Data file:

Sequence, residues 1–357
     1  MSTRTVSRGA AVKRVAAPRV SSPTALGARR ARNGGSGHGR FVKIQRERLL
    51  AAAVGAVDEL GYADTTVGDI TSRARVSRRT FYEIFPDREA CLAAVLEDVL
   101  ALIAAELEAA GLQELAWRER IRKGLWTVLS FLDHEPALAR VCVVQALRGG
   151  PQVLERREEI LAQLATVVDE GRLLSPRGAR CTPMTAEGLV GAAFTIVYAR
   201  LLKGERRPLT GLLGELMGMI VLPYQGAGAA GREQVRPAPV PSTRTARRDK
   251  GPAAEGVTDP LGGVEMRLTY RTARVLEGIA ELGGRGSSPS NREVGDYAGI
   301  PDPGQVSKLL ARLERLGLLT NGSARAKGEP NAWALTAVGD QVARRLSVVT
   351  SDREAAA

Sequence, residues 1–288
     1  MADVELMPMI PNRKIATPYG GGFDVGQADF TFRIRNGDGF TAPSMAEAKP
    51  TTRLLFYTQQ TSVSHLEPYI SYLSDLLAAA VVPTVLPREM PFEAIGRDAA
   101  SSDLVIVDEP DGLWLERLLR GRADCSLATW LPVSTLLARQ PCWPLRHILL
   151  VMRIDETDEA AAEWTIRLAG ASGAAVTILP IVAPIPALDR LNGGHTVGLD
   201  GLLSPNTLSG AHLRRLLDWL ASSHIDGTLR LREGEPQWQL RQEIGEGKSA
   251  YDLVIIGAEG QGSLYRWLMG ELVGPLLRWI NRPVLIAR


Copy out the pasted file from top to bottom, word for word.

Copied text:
Sequence, residues 1–357
     1  MSTRTVSRGA AVKRVAAPRV SSPTALGARR ARNGGSGHGR FVKIQRERLL
    51  AAAVGAVDEL GYADTTVGDI TSRARVSRRT FYEIFPDREA CLAAVLEDVL
   101  ALIAAELEAA GLQELAWRER IRKGLWTVLS FLDHEPALAR VCVVQALRGG
   151  PQVLERREEI LAQLATVVDE GRLLSPRGAR CTPMTAEGLV GAAFTIVYAR
   201  LLKGERRPLT GLLGELMGMI VLPYQGAGAA GREQVRPAPV PSTRTARRDK
   251  GPAAEGVTDP LGGVEMRLTY RTARVLEGIA ELGGRGSSPS NREVGDYAGI
   301  PDPGQVSKLL ARLERLGLLT NGSARAKGEP NAWALTAVGD QVARRLSVVT
   351  SDREAAA

Sequence, residues 1–288
     1  MADVELMPMI PNRKIATPYG GGFDVGQADF TFRIRNGDGF TAPSMAEAKP
    51  TTRLLFYTQQ TSVSHLEPYI SYLSDLLAAA VVPTVLPREM PFEAIGRDAA
   101  SSDLVIVDEP DGLWLERLLR GRADCSLATW LPVSTLLARQ PCWPLRHILL
   151  VMRIDETDEA AAEWTIRLAG ASGAAVTILP IVAPIPALDR LNGGHTVGLD
   201  GLLSPNTLSG AHLRRLLDWL ASSHIDGTLR LREGEPQWQL RQEIGEGKSA
   251  YDLVIIGAEG QGSLYRWLMG ELVGPLLRWI NRPVLIAR